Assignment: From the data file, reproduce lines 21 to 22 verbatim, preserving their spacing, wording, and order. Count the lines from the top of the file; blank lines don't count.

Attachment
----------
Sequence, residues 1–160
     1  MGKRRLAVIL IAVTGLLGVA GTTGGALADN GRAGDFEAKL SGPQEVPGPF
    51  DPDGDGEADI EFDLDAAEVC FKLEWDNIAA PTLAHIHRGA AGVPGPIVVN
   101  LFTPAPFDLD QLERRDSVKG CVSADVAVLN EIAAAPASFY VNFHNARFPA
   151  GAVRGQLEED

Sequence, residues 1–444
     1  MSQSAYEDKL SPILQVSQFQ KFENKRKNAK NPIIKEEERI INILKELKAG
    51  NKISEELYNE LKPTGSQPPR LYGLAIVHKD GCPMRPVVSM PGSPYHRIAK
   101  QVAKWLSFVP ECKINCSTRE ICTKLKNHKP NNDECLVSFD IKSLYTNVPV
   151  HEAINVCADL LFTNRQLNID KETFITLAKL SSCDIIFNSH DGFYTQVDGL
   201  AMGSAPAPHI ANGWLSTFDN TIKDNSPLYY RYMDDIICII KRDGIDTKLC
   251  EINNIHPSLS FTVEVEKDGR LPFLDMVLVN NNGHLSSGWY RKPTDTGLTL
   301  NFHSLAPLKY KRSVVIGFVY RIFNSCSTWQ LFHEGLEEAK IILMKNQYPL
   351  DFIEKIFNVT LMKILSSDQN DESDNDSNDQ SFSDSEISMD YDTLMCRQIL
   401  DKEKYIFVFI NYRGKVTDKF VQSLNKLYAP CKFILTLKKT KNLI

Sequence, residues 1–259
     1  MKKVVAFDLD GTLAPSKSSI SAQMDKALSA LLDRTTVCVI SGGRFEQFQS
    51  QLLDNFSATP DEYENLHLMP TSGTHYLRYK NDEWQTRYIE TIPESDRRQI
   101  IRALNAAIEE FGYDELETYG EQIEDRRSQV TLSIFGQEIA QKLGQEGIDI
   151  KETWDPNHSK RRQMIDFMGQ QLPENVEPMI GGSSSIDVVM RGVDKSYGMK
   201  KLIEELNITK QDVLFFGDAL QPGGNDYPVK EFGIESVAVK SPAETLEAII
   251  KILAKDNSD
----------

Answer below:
   201  KLIEELNITK QDVLFFGDAL QPGGNDYPVK EFGIESVAVK SPAETLEAII
   251  KILAKDNSD